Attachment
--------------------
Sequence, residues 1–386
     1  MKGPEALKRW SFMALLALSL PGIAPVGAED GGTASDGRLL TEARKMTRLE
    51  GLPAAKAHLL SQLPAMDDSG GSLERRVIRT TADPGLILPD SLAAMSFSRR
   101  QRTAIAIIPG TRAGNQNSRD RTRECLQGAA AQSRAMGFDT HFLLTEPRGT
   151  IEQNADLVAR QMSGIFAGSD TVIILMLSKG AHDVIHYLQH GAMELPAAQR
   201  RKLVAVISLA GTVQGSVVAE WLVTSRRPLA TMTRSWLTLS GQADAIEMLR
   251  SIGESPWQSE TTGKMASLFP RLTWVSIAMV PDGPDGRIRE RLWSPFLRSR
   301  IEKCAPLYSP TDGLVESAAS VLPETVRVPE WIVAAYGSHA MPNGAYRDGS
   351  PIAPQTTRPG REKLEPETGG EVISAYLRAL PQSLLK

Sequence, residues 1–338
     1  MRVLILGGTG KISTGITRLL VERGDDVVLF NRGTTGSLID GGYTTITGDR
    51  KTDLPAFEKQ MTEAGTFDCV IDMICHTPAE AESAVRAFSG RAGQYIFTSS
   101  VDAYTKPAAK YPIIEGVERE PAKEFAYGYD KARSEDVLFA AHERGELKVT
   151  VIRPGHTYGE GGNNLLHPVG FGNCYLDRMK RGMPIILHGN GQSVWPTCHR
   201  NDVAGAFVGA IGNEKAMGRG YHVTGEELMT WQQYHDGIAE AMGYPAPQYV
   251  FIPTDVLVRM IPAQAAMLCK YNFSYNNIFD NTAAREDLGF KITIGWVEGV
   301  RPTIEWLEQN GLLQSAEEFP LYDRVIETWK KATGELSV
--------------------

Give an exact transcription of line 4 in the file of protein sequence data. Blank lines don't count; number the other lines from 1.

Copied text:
   101  QRTAIAIIPG TRAGNQNSRD RTRECLQGAA AQSRAMGFDT HFLLTEPRGT